“Hey, what microphone would be best for me?”. What a loaded question THAT is! A relatively innocent question, but one that is sure to spark page after page after page of comments on any social media site. And yes….I too am guilty of asking that particular ‘newbie’ question.
I’ve been in the voiceover world for two years now. It’s funny how time flies, and perspective changes things, isn’t it? It really seems like just yesterday I was clueless about how the voice industry works, and was asking all those questions designed to annoy those I was asking them of. (Well, not really DESIGNED to annoy, but, you know what I mean). Now, I’m getting hit up by ‘newbies’ for advice (I know, RIGHT? ME???), and you know what the number one question I get asked is? Hint…look at the title of this blog entry…Yeah…’which microphone should I buy?’. Well, I’d LOVE to answer that question for you, but seriously, the BEST answer to that question is: the best microphone for your voice.
Yeah, I know…you think this is a cheap, cop-out answer. But the truth is (and I’ve learned this over the last two years from people far more schooled than I), it’s nearly impossible to tell someone, who I don’t know, what microphone would be best for them. I would venture a guess that even the likes of George Whittam, or Sean Pratt would be hard pressed to tell someone, sight unseen, what microphone they should buy! Too many factors involved. The BEST way to find the BEST microphone for your voice, is to TRY THEM OUT. The audiofile’s Disneyland, Guitar Center, has stores all over the U.S.A., and the great thing about them is that they’ll allow you to try out as many microphones as you’d like (in store of course), and they’ll even help you. Try a few out. See how you sound. Narrow it down to two or three, then bite the bullet and buy one. Take it home, record yourself and see how it sounds. If you don’t like it, take it back. Most audio type stores have great return policies. The bottom line is: this isn’t a quick fix answerable question.
But, to help you out just a bit, here are a few of the microphones I’d suggest:
- Neumann U 87.
- Probably one of the most widely used studio mic’s in the world. It has three polar patterns, which makes it GREAT for VO’s who do a wide variety of jobs. This one could be considered the Luxury SUV of microphones, and as such, carries a big price tag – $3,599. I’ve never used one of these, in fact, I’ve never even seen one up close. Unless you’re rolling in the dough, or, have been in the biz for a LONG time, this is really just a ‘wish list’ item
- sE Electronics sE4400a. Another that’s classified as ‘a perfect all around, all project microphone’. This large condenser mic is often referred to as a great vocal’s microphone, since it has a twin-diaphragm design (which offers a ‘cleaner’ sounding pick up). Again, another pricey mic, but MUCH less so than the Neumann. This baby will set you back $650. Whereas the Neumann is a ‘wish lister’, the sE is more of an attainable dream for most of us.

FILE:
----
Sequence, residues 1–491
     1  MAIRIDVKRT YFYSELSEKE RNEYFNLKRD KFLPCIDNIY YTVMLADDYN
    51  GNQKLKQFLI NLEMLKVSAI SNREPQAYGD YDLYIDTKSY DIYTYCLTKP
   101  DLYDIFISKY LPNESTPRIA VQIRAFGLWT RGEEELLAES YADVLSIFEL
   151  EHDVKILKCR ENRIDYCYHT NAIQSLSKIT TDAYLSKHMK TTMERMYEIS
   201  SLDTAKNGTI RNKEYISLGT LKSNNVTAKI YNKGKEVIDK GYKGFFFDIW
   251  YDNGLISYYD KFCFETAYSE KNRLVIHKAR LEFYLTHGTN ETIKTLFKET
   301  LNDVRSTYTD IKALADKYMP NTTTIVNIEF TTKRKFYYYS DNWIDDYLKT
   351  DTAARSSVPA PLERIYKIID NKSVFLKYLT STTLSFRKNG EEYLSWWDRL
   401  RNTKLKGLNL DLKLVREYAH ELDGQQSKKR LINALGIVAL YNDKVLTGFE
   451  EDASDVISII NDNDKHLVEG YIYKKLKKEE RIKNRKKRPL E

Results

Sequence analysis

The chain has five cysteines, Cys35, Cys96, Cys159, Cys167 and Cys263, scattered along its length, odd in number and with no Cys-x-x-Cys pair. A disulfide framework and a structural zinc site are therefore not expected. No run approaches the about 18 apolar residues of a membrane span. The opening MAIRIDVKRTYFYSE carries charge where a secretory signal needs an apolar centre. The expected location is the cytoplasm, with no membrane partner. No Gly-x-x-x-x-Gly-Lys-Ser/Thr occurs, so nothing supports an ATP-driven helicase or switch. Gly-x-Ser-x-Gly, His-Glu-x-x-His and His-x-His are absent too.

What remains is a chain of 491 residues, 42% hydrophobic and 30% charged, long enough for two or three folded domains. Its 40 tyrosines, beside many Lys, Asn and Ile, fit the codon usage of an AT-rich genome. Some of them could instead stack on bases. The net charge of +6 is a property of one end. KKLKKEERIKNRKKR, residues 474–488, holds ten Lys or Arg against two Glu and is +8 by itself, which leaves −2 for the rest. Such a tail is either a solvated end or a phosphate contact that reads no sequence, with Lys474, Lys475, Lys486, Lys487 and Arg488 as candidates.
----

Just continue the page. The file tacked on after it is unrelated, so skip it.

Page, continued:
- AKG C214. AKG has been making microphones for a long time, and has really made strides at offering high quality microphones for a reasonable price. The C214 is the younger brother of the legendary AKG C414 – which you’ve most likely heard before but just didn’t know it. That is the mic used on thousands of hit records, on stage with countless artists and some of the biggest broadcast facilities in the world. With great sound quality, the C214 will set you back only $400.
- AKG Perception 220. This is the microphone I currently use, and have never had any complaints. In fact, I’m often told my voice sounds like ‘hot cocoa’ (whatever THAT means!).Seriously though, I have a rather loud voice, but the Perception 220 does a great job of making me sound pretty decent. And, at a price of about $200 (depending on where you find it), it’s a great microphone to move you up from the novice class to intermediate, and beyond. Plus, it comes with an awesome shock-mount!
- Blue Microphones Yeti USB Microphone. While, not a BAD mic (it actually does sound pretty decent), it’s best to steer clear of USB microphones if you’re trying to record professionally. I started with this mic (actually recorded our Disneyland podcast with the Yeti’s for a couple of years), and even recorded my first three audiobooks with it. But you can really tell the difference between this and an XLR mic. USB’s can be ‘noisy’, which is a no-no if you’re recording for a living. But, at $120 or so, it’s not a bad way to get your feet wet.
- MXL V250. A good, solid entry level microphone. The MXL is actually pretty decent for most voice work (more like short form instead of long form though). It’s not as warm as the AKG Perception 220, and it doesn’t really pick up as well, but for $49, this would be a good microphone to start with, as it is an XLR connection.
Disclaimer: I am NOT a professional sound engineer. The microphones I listed are really just my opinion, the ones I looked at while finding a good microphone for me. The only definite advice I can give is to steer clear of anything that plugs directly into your computer (USB), since they tend to create a messier sound. XLR connections into an audio interface (discussed in a future blog), is the best way to go. Do your homework. Test out a few mic’s and find the best for your voice. Voices are a lot like fingerprints. Each one is unique. Find your voice. It’s out there!